Baldetti: Health Department keeping secure office after digital hostility-UPDATED
Posted May 18, 2020 11:24 PM
Correction: A previous version of this story implied that the Sheriff's Office was certain of the identity of the caller to the Health Department. The investigation continues, but after a Monday evening call from Sheriff Campbell, they have not come to a definitive conclusion on that yet.
Reno County Health Department director Nick Baldetti is having to deal with more negatives than just COVID-19.
"At the Health Department, unfortunately, we've received some rather hostile communication," Baldetti said. "It seemed to ramp up last week. We are actually, at the Health Department right now, we are locking the door throughout the day and a staff member will meet individuals who have an appointment at the door to let them in."
Baldetti believes the frustration is not necessarily directed toward local policy, but his staff is taking the brunt of it.
"The Health Department is the proximal entity to decisions being made in Topeka," Baldetti said. "It seemed some of that frustration and hostility that's in the community has been focused toward this department."
Baldetti did communicate with the Sheriff's Department on the issue.
"We're just looking into it," said Reno County Sheriff Darrian Campbell. "We're making some phone calls. I just want to encourage anybody that if they feel threatened or suspect anything, not to hesitate to call 911."
Campbell said they have not confirmed the person's identity who may have called the Health Department. Baldetti would not characterize the communication as threats, but believes the comments require some caution, in this day and age.
Dental offices across Kansas closed for more than a month to make
sure they weren’t using up critical personal protective equipment needed
Now many are beginning to clean molars and bicuspids again.
Grimmett of the Kansas News Service spoke with David Lawlor, a dentist,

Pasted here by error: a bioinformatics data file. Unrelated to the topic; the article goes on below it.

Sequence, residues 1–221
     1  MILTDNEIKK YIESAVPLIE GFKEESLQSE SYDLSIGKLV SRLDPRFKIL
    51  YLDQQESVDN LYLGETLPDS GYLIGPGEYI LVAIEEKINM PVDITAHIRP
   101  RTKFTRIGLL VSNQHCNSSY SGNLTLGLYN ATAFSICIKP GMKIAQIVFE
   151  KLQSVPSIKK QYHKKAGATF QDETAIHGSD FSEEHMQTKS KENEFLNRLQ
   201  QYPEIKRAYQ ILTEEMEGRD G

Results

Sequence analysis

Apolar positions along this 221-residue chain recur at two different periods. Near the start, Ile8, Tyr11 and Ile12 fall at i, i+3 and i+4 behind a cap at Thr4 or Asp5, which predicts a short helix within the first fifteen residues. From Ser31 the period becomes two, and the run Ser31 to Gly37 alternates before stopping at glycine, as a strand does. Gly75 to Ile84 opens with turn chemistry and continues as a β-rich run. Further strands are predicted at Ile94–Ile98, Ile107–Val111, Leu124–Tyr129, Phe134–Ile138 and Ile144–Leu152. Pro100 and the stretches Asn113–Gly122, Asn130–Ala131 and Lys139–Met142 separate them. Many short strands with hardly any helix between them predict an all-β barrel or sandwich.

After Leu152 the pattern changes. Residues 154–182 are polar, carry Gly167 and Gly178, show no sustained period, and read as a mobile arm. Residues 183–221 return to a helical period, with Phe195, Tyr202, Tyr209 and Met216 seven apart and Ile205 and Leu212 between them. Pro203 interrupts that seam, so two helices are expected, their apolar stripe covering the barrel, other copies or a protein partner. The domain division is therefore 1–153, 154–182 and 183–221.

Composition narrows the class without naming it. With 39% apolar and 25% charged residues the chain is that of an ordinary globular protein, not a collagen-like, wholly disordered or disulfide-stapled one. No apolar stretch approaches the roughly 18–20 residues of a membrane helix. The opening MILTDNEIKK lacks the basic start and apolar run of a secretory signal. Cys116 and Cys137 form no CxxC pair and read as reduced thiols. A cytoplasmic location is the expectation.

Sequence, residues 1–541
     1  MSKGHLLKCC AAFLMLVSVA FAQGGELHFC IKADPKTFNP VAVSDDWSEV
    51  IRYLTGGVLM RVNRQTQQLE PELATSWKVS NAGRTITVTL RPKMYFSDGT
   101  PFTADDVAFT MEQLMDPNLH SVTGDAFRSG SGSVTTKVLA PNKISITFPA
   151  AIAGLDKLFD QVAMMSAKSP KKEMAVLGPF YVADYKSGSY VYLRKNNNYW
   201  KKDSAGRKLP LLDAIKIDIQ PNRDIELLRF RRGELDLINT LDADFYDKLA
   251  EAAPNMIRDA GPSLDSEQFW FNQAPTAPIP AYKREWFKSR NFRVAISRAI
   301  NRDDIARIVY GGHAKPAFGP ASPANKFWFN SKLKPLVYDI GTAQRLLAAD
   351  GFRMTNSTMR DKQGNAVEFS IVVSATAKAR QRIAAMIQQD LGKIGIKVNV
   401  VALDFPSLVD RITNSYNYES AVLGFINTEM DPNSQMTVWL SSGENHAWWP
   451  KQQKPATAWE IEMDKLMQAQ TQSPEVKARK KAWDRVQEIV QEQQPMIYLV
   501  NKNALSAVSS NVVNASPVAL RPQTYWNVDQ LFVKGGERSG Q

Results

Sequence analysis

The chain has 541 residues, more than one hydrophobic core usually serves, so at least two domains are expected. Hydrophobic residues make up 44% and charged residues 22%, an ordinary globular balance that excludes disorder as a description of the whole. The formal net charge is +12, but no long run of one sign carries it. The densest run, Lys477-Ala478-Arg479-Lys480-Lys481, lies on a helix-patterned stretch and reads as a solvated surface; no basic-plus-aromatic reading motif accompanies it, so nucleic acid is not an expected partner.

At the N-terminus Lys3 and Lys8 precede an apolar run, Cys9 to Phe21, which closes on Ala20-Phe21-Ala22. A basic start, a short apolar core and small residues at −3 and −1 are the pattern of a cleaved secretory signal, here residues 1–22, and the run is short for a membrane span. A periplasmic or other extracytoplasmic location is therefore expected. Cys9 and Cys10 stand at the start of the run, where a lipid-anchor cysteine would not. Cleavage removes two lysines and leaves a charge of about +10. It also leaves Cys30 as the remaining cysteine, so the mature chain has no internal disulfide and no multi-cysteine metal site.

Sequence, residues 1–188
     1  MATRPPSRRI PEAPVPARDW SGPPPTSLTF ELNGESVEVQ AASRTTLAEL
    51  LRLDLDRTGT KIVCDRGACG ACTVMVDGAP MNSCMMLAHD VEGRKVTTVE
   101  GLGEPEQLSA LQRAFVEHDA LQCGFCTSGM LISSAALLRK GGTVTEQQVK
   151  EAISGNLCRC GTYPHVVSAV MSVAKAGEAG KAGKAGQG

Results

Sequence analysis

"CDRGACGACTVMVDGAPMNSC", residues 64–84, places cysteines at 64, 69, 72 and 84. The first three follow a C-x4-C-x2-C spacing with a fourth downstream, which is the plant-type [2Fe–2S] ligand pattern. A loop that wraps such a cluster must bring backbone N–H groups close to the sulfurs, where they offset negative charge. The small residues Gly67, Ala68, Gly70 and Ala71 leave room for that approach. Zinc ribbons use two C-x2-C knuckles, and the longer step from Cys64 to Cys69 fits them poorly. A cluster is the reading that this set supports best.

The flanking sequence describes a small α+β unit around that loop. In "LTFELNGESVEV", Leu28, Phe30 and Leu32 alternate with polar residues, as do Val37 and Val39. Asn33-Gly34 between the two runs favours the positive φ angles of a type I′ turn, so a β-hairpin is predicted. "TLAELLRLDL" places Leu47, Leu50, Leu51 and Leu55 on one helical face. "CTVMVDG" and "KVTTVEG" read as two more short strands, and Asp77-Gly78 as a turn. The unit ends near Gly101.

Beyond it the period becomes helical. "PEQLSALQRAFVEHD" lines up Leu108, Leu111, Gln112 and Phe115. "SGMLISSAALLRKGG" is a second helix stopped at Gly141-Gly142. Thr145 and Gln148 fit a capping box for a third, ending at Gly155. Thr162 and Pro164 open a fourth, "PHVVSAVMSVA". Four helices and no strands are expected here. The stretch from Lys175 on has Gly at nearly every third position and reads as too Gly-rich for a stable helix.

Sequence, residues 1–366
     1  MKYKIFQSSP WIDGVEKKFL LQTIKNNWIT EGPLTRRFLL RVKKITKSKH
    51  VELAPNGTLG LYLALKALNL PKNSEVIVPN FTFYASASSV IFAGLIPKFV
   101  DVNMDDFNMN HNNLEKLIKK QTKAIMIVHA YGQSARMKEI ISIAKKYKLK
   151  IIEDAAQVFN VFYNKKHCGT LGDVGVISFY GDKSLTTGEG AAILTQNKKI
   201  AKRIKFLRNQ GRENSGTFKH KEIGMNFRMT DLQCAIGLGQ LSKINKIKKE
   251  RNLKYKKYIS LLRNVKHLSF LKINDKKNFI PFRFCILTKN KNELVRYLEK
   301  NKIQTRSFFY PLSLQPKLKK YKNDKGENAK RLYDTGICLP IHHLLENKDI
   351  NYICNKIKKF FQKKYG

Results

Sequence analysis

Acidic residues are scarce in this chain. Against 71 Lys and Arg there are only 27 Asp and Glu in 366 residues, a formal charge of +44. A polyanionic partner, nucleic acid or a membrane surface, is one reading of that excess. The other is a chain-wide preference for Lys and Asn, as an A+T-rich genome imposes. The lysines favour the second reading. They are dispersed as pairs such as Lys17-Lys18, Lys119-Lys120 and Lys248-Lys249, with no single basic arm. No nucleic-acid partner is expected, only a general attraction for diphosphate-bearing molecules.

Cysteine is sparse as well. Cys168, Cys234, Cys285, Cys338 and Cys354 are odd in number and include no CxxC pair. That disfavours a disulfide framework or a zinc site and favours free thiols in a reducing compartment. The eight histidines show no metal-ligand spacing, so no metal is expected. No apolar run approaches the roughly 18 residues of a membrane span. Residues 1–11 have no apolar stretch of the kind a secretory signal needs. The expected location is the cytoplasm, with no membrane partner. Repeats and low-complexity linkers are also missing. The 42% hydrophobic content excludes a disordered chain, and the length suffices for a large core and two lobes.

and Julie Martin, the president of the Kansas Dental Hygienists’
Association, to find out what you can expect when you go and how they’re
trying to keep patients and employees safe.
The interviews were performed separately. The questions and answers have been edited for brevity and clarity.
Kansas News Service: What are the expectations for getting back up and running?
Lawlor: We’ve been pushing patients back for six weeks. I think at
first people originally we’re trying to do their best to deal with it.
If it’s something I can put off for a while I will. But the last couple
weeks it’s kind of been like we reached our limit and people got to get
We’re having people stay out in their car and we’re taking
the temperature of staff and patients. We’re wearing masks, we have face
shields, we have gowns, and for our cleanings we’re not using the
Cavitron (a machine that uses ultrasonic sound waves to remove plaque
from teeth) which is a thing that can aerosolize the virus. We’re doing
mostly hand scaling.
KNS: You mentioned the precautions
you’re taking, but is there some extra hesitancy from you or your staff,
saying, you know I'm working with spit all day?
Yes and No. It’s what we do all the time. We’ve always been at higher
risk for getting sicknesses because we’re working in people’s mouths.
So, that’s been the main thing, trying to limit the amount of high air
flow into the mouth that causes things to get into the air. And you know
what? I think it’s all going to work out and be just fine.
KNS: Have you heard from any people that are afraid to go back to work?
Martin: It wouldn’t be normal to not be afraid to go back to work.
Because if our vigilance isn’t high, then complacency comes into play.
mean our procedures, the nature of our job is removing the bacterial
load that’s in our oral cavities. And a lot of our equipment does
produce those aerosols. That includes your polishing. That involves
splatter. Some of your ultrasonic equipment which has, like the water
spray and the vibration. That also creates an aerosol. So I mean, pretty
much everything that we do can exasperate that potential for spread.
KNS: Financially, what has it been like taking six weeks off?
This is a tough choice. If we don’t go back to work we can’t pay our
bills. So, the economic issue of all of this is devastating. Having to
go back to work is great, but is it worth risking your health and the
rest of the public’s health that you care for, is it worth it? That’s (a
decision) each individual, each oral health care provider needs to
KNS: Should you go to the dentist right now?
You know, if you have an infection and you are in pain, then absolutely
go in and see the dentist. Get that taken care of. Because if you do
have infection and do have pain it has a tendency to spread into the
rest of the system.
Brian Grimmett reports on the
environment, energy and natural resources for KMUW in Wichita and the
Kansas News Service. You can follow him on Twitter @briangrimmett
or email him at [email protected] The Kansas News Service
is a collaboration of KCUR, Kansas Public Radio, KMUW and High Plains
Public Radio focused on health, the social determinants of health and
their connection to public policy.